5 rational thoughts about a complicated Celtics loss to the Lakers

5 rational thoughts about a complicated Celtics loss to the Lakers

Celtics

5 rational thoughts about a complicated Celtics loss to the Lakers

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Last night’s game, and the aftermath to it on social media, was a wild whirlwind, made worse by the uncertainty over Marcus Smart’s calf injury (which turned out to be less bad than it looked). Let’s try and see through some of that in the clearer light of the morning (OK, early afternoon, whatever):

1. The Cs did play up to the challenge, all things considered.

Lost in the shuffle of it being a loss to the Lakers, a loss on national network TV, the Kemba Walker struggles (we’ll get to those) and everything else was how well-matched the teams were. Neither team was ever far behind the other. The number of points where they were near-identical is kinda wild:

  • They took and made almost the same number of shots (Boston 40/82; L.A. 37/84). As those #s indicate, the Cs were more efficient overall but both were bad from behind the arc (6/21 for Boston; 9/31 for L.A.; about 29% for both teams).
  • Defensive stats were about the same: Lakers barely out-rebounded the Celtics (45 to 42) whereas Boston had more steals and blocked more shots (10 to 8 and 6 to 4, respectively).
    • The Celtics held the Lakers’ top-10 offense to 96 points. Only two other teams have held them below 100 all season. Only one of those, the Pistons, actually won (holding an Anthony Davis-less squad to 92).
    • L.A. only had one fewer turnover than our heroes (14 to 15); the issue was when the turnovers came (we’ll get to those as well).
  • For a national game, the Lakers didn’t even get a significant free-throw advantage (19 to the Celtics’ 14).
  • Inasmuch as “intangibles” matter, neither team ever looked anything less than fully engaged.

2. The problems were flukes that happened at the worst possible time.

Those turnovers I mentioned? Well, 7 of them were in the fourth quarter, which is, uh, like, the worst possible time to be turning the ball over.

That was the one of the two main problems. Not that the Celtics played poorly, or didn’t try—neither of those things are true—but that small mistakes added up. Stars were as guilty of them as bench players: A rookie like Aaron Nesmith accidentally stepping out of bounds is “shrug, whatever;” Jayson Tatum blowing multiple passes not too long after throwing one of his career’s most spectacular passes is much more frustrating. Own-goals are even more so: Robert Williams had one in Q2 and Theis had another one trying to oppose Montrezl Harrell in Q4.

Those are the sort of errors you shouldn’t make when your margin of error is tiny, in a game against the defending champions, but they’re not indicative of serious problems. Jared Weiss at the Athletic broke down in detail how much the Cs defense improved from the Spurs game to this one; now they need to build on that momentum.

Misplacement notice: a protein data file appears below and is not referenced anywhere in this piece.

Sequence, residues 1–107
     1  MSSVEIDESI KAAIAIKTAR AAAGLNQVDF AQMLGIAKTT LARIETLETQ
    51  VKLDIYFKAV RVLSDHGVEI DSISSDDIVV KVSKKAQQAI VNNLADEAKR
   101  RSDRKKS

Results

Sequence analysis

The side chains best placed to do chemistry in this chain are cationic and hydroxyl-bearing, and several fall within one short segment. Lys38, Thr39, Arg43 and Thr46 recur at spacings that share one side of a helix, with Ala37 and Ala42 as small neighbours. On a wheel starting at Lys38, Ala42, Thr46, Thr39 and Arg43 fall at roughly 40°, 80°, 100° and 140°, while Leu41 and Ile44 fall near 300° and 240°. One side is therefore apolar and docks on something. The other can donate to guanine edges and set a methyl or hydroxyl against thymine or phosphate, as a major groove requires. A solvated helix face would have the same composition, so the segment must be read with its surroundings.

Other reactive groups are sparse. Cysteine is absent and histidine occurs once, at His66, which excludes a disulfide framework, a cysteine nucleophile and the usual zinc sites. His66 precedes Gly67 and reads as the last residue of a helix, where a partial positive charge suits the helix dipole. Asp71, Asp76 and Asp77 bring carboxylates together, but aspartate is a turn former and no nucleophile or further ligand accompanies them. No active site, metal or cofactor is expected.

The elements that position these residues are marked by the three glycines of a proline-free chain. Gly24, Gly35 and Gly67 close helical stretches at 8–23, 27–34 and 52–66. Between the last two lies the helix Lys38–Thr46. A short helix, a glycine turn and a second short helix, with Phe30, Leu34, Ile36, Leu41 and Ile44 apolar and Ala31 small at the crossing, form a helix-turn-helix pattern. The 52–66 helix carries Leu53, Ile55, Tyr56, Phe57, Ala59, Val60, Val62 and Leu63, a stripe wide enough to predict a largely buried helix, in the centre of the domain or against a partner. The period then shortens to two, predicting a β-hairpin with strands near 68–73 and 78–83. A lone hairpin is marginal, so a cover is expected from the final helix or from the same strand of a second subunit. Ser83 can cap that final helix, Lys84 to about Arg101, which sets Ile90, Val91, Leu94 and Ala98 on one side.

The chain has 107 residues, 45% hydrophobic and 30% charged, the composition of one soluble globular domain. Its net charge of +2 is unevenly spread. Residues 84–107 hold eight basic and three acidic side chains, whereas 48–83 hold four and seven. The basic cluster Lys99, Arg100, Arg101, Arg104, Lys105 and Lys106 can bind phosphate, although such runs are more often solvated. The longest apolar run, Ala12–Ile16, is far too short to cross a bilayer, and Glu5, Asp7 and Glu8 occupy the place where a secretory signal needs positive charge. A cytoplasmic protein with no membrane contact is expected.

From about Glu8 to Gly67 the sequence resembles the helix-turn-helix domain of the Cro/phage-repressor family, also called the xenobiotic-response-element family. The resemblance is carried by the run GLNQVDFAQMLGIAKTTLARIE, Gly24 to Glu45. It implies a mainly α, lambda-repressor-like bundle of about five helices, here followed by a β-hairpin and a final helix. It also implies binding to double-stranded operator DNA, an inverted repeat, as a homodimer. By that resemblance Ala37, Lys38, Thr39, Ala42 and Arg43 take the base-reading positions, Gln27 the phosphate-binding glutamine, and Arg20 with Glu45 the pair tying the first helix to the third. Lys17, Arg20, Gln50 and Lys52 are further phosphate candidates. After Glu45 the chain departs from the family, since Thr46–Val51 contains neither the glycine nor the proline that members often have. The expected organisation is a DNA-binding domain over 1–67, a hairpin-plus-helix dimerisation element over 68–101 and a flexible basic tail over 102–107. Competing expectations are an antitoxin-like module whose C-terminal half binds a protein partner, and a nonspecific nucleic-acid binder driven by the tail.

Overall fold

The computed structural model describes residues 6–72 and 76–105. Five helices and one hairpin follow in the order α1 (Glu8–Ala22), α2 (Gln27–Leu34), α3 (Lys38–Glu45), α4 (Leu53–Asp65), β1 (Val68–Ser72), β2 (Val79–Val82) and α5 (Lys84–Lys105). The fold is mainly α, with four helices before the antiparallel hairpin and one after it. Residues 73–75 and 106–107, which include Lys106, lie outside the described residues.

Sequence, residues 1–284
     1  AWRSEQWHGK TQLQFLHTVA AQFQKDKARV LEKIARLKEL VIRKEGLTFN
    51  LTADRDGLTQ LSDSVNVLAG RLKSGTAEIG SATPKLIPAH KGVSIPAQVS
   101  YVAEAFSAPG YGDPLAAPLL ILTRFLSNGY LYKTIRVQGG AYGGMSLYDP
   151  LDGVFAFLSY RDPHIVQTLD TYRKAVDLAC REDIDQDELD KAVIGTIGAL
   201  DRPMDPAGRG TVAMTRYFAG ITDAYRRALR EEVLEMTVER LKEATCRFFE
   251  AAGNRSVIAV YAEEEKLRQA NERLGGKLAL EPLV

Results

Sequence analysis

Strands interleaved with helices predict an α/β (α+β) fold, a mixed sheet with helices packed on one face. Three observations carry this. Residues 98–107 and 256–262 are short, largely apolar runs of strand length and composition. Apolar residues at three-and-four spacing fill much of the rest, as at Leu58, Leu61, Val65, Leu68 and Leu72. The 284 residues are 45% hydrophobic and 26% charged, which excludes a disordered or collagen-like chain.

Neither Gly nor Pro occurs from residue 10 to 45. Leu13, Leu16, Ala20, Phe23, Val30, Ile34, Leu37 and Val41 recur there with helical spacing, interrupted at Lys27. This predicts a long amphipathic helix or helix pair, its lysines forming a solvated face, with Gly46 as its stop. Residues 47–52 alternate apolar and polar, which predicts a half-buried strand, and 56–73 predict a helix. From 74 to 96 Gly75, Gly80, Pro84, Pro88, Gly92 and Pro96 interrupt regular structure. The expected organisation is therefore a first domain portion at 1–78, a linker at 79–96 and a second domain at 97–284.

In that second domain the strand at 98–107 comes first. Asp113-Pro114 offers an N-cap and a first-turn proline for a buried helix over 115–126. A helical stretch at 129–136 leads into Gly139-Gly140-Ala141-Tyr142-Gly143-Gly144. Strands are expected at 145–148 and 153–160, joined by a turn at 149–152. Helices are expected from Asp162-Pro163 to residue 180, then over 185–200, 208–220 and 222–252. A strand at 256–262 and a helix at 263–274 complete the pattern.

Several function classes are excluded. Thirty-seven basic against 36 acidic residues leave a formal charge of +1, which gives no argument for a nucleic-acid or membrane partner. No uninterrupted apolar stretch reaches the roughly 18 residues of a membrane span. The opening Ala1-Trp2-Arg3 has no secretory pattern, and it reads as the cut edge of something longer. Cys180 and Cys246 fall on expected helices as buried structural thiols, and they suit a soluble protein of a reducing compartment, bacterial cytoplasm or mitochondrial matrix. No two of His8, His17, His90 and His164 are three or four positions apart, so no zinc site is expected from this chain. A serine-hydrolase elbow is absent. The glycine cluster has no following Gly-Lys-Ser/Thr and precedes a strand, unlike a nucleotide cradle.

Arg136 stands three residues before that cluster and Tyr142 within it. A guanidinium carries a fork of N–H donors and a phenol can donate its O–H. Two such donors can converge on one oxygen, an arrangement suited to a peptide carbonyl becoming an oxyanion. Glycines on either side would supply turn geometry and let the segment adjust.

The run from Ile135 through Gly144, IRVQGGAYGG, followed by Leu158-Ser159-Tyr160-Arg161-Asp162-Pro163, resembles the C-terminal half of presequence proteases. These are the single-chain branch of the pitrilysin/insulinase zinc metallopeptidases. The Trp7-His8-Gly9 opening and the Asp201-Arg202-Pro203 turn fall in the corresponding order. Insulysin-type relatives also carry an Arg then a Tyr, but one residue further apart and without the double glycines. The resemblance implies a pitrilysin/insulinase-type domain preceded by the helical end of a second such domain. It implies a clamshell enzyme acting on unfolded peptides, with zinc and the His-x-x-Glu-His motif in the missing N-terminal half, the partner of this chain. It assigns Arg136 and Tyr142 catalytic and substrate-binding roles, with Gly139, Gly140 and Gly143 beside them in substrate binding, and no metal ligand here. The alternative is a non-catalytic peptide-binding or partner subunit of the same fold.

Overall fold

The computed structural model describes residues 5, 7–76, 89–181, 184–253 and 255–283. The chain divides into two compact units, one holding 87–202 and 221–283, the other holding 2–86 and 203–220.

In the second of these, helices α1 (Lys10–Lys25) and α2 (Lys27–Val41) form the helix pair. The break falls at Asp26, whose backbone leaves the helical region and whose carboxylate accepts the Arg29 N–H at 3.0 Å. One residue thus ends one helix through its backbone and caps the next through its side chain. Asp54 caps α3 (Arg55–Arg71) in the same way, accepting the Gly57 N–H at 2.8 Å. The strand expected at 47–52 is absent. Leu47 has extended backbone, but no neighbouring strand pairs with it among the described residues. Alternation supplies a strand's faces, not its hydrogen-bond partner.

3. Is Kemba’s bad night a harbinger of serious decline?

Last night, Kemba Walker had one of his worst games as a Celtic and also a career-worst:

As Lederman points out, the two things can simultaneously be true. If he made even a single additional field goal—like that attempt at the end, a shot he’s generally capable of making—the Celtics win. If he’d made more shots elsewhere in the game, maybe the Cs aren’t in the position of having to make a buzzer-beater.

Those issues, along with the flukes, were what lost the game. It’s incredibly disappointing. Just like Walker’s injury-driven struggles in the playoffs were frustrating and disappointing. But…do we think this means his decline is beginning, or that he’s not right for this team? There were more than a few tweets to the effect of the following:

I’m inclined to answer both versions of the “decline” question with “no, not yet.” Walker wasn’t the first option on offense last season in most games but was still immensely productive and effective. He isn’t the first option now, doesn’t expect to be and—as his postgame comments show—is as frustrated by the difficulties he’s had as anyone else. Moreover, those difficulties are happening in his first few games back from injury recovery, and in the broader context of Literally The Weirdest Season Ever.

One take I saw that was reasonably nuanced:

The only caveat I’d add to that is Kemba still needs to be taking those shots, and shooting in general, at medium-high volume. Morphing him into J.J. Redick is not the answer just yet. (However, acquiring Redick for the bench, as the Celtics appear to be considering, might not be terrible—depending on the cost.)

4. Theis & Williams as a dynamic center tandem?

Daniel Theis and Rob Williams both had productive nights last night, while also, as mentioned, making some confounding blunders (the own-goals and turnovers). Williams isn’t quite ready to start due to his penchant for mental mistakes, but Brad Stevens rolled the dice by playing him almost 20 minutes and it mostly worked on both ends of the floor. Theis has the stretch-shooting dimension and ironclad defensive instincts, but lacks the pure athleticism (and extra two inches in height) that Williams adds. This makes an interesting dynamic. (Also, the few moments they shared the floor weren’t a problem.)

5. Tatum reached a new milestone.

Let’s end on a positive note. Jayson Tatum led all scorers across all teams with a 30-9-3-2 line last night and also did this:

There is no longer any question of ability, with him or Jaylen Brown (who scored 28 on even greater efficiency, alongside a rebound, 3 assists, a steal and a block). All that remains unanswered is where their ceilings are.

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